Technically speaking, this is a pretty lousy film. The lousy castlematte paintings of the castle were embarrassingly bad. The specialeffects for the magical duel were ultra-cheesy. And, at times, thescript was just plain dopey. Yet, despite these many, manyshortcomings, I am sure that many will probably enjoy thisfilm--provided they like schlocky horror-comedies. However, most whosee this DVD title will probably assume it's NOT a comedy--and theymight be very disappointed.The film is about three magicians played by Vincent Price, Peter Lorreand Boris Karloff. Vincent is the hero of the film and Boris is thevillain. As for Lorre, he's pretty much out for himself. Despite thetitle and many references to this Poe tale, the story really hasnothing to do with it. It's all about an attempt by evil to defeat goodmagician Price. There are lots of silly plot twists and lines, but thewhole thing has the look of an "in-joke"--one that the film makersthought was absolutely hilarious but only some audience members willenjoy. I can almost guarantee that you'll either love it or dislike it.I could tolerate it but felt that the comedy just too often fell flat.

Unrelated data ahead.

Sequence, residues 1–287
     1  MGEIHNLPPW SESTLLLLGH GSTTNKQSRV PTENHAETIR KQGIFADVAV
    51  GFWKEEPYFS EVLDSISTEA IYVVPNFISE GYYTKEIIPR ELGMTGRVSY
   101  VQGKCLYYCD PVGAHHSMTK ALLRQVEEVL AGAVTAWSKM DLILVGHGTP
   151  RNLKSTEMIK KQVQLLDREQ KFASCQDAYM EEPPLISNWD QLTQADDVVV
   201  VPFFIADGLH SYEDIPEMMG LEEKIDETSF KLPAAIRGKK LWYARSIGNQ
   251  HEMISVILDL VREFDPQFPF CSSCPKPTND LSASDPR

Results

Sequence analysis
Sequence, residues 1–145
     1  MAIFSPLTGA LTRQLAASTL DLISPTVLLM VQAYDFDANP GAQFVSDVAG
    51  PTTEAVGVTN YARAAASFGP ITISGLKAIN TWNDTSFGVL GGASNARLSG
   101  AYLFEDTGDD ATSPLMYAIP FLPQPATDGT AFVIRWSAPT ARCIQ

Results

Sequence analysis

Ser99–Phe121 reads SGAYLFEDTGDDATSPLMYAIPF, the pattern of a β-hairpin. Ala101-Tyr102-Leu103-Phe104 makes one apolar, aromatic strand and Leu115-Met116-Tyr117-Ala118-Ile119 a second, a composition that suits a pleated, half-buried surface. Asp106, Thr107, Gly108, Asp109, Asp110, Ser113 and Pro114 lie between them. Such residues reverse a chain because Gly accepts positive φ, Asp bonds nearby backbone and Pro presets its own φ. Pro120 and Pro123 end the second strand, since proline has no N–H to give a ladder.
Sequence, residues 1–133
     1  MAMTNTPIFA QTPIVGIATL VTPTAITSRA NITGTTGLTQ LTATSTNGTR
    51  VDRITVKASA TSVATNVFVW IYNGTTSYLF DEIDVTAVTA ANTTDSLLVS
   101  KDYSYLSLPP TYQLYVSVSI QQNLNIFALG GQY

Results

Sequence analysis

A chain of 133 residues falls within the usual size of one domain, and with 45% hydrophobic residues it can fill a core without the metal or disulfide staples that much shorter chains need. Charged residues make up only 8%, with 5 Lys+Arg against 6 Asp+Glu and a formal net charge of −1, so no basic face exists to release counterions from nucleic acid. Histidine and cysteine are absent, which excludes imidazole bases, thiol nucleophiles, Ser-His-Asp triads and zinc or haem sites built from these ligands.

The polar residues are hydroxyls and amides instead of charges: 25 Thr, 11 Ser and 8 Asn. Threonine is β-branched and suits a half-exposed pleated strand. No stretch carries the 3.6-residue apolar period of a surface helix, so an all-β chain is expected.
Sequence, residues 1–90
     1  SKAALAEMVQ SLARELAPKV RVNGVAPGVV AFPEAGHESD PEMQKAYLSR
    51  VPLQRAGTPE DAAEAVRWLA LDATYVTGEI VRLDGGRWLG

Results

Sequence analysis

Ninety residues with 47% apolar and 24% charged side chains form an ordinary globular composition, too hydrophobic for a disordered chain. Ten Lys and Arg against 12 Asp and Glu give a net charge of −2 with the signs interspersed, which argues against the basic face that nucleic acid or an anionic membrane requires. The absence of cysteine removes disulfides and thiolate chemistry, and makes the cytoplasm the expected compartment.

Raving About Roger Corman's The Raven (1963) Every October my daughter and I pick up a few spooky movies to get into the Halloween groove. This year, I had the pleasure of introducing her to one of my all time favourite horror comedy classics, Director Roger Corman's "The Raven." The screenplay is adapted (VERY loosely) from the famous Edgar Allan Poe poem. This is one of Corman's many American International Picture adaptations of Edgar Allan Poe's works, and one of his best. As the king of "b" horror movies, Corman knew had to make the most out of a tight budget. His stylish films consistently used good source material, well written screenplays, lavish set designs, locations, props, costumes and great horror stars. "The Raven" boasts no less a cast than Vincent Price, Boris Karloff, Peter Lorre, Jack Nicholson, and 60's scream queen Helen Court - a mind boggling cast given that this is a low budget film. Pairing horror legends Price, Lorre, and Karloff was indeed a momentous occasion and the stars make the most of it. Any semblance to Poe's Gothic poem pretty much ends after Vincent Price reads the first few lines (brilliantly recited despite its brevity) at the intro of the movie. Afterwards, screenplay writer Richard Matheson takes the sombre mood of the original poem and turns it on its ear with his original comic screenplay.At the outset of the film, we learn that Price's character (Dr.Craven - a wizard) has lost his wife Lenore (Helen Court) and has long mourned her loss. He's interrupted in the midst of his grief by "a tapping at his door." Price opens the door to find himself confronted by a raven (Peter Lorre). The raven, it turns out, can talk and is actually a rascally wizard named Dr Bedlo who has been enchanted by the evil wizard Dr Scarabus (Boris Karloff). He entreats the amazed doctor to help him become a man again. Richard Matheson's screenplay provides the actors with some wonderful comedy dialogue with which to work. Price and Lorre had been previous teamed in Tales of Terror, and their styles blend beautifully together - they are a scream! They set about concocting a potion in set designer Daniel's Haller's creepily atmospheric dungeon. After much fumbling, Price finally manages to restore Lorre's human head, but his body remains that of a giant human sized raven. Seeing Lorre strut his stuff in the Big Bird raven costume is almost worth the DVD price by itself!Once restored, Lorre swears revenge on Dr Scarabus. He asks for Price's help. But the doctor refuses until Lorre's character spots a portrait of Price's long lost wife and remarks that he's seen the woman at Scarabus' castle. The two set off for the castle along with Price's daughter (Olive Sturgess) and Bedlo's son (played by a young delightfully hammy Jack Nicholson).When Lorre and Price reach the castle, the fireworks begin - figuratively and literally. It's clear these three horror icons are having the time of their lives, hilariously spoofing their monster screen personas. Dated special effects (though fine for their day) detract little from the final magical showdown between Karloff and Price. I never get sick of seeing this movie and happily give it a rave review! Grab the popcorn and enjoy.Rob RheubottomWinnipeg, MB Canada